Too often, business owners view workers’ compensation insurance only through their “expense lens,” rather than understanding how essential it is to their risk management program.
Just how important is it? It’s the sole remedy for risks associated with workplace injuries. Regardless of size, a business can be held liable for employee injuries sustained on the job. In some cases, the cost of compensating the employee can put the company’s future at risk.
Not all states have the same requirements for workers’ compensation insurance, so it’s always smart to get professional advice. Requirements can vary widely, ranging from states such as Texas that do not require it at all and states such as Florida that require all companies with a certain number of employees to have coverage, to states that require all businesses to provide it.
We often encounter misconceptions business owners and managers have about workers’ compensation coverage – and these can have a costly impact on their companies:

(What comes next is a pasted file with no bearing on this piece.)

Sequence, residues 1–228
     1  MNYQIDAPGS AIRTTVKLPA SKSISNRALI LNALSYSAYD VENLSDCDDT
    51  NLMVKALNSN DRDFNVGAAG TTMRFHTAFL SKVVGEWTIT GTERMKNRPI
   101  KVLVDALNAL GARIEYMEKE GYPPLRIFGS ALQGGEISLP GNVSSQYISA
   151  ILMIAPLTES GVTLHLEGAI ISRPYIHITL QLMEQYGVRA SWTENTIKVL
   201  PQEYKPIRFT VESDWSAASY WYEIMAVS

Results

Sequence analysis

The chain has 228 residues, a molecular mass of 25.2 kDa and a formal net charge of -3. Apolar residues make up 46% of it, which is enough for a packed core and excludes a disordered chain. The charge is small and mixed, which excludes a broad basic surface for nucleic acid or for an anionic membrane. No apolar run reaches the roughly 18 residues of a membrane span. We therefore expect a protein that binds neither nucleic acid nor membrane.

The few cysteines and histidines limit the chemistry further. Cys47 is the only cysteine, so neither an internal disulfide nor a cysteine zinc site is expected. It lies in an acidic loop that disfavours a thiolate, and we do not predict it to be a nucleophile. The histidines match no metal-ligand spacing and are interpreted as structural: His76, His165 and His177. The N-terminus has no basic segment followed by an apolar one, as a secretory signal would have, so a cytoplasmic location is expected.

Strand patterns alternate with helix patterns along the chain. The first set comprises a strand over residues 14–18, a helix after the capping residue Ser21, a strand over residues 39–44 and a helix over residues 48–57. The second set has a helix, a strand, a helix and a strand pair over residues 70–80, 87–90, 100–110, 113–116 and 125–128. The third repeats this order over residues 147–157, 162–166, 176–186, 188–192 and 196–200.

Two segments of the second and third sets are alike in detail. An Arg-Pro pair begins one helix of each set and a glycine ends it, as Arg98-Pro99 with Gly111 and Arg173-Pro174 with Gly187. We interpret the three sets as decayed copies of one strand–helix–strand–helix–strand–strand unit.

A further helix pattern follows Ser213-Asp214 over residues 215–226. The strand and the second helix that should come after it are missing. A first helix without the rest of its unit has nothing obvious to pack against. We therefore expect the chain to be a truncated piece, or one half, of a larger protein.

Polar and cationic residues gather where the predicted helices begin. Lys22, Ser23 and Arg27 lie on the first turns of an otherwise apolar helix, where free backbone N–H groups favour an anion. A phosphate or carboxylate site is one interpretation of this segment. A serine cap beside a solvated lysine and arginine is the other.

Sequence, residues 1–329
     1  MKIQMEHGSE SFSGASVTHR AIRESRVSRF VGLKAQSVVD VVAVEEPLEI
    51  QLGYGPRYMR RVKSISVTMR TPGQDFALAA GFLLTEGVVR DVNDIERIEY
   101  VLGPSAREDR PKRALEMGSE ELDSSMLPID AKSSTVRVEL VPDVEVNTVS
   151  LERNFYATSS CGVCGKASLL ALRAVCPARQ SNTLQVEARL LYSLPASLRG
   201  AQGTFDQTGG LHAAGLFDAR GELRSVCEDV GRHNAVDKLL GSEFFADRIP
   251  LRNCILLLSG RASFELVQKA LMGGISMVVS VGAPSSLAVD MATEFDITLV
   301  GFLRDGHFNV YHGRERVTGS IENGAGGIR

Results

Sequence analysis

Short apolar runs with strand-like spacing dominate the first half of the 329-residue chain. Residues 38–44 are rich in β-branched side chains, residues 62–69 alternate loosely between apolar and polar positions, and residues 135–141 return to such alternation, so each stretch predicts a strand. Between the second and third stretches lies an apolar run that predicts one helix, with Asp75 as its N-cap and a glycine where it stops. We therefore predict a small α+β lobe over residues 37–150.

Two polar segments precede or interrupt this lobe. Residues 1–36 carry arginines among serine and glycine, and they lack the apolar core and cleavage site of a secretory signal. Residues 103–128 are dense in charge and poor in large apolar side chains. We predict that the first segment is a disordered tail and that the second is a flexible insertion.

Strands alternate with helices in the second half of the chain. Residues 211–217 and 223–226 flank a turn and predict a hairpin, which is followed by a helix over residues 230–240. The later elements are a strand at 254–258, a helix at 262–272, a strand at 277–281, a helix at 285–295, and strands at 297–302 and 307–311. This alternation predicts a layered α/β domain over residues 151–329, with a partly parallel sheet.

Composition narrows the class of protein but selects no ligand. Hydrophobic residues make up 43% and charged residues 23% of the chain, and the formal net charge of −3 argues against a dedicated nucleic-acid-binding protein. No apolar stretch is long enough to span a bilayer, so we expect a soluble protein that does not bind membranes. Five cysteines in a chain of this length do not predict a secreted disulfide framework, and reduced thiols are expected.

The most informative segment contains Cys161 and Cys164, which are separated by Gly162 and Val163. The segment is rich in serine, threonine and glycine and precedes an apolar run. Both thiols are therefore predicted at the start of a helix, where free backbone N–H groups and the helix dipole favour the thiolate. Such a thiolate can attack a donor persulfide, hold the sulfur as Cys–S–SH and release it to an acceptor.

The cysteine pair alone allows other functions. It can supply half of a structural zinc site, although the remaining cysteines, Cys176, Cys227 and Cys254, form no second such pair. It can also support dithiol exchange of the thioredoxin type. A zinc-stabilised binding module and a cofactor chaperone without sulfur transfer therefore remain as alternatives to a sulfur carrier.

- Not covering every employee for every job they perform: In many companies, workers may have multiple roles, such as construction workers who may do both framing and roofing. Coverage should be specified for each of these class codes, along with the percentage of time typically spent on each.
- Not insuring the owner: If the business had to run without the owner after an injury, it could incur substantial losses.
- Not understanding the basis for their rates: Workers’ compensation rates are based on loss history and regulated by each state. They are raised or lowered based on the company’s safety performance over a three-year period.
- Not realizing they can save money on premiums: A combination of safety programs and wise selection of carriers can make a big difference in the cost, as carriers may charge significantly different premiums. Regular safety training, creation of a safe work environment and enforcement of safety rules are among the best ways to reduce the cost of premiums. In addition, it’s always a good idea to shop for the best coverage and cost.
Finding and working with a PEO that allows the business to take advantage of larger group rates is another good move. Some PEOs are even willing to offer discounts to start-up businesses, even though these businesses have no loss history. And if the PEO owns its own workers’ compensation insurance carrier, there may be even greater pricing flexibility and more savings on premiums.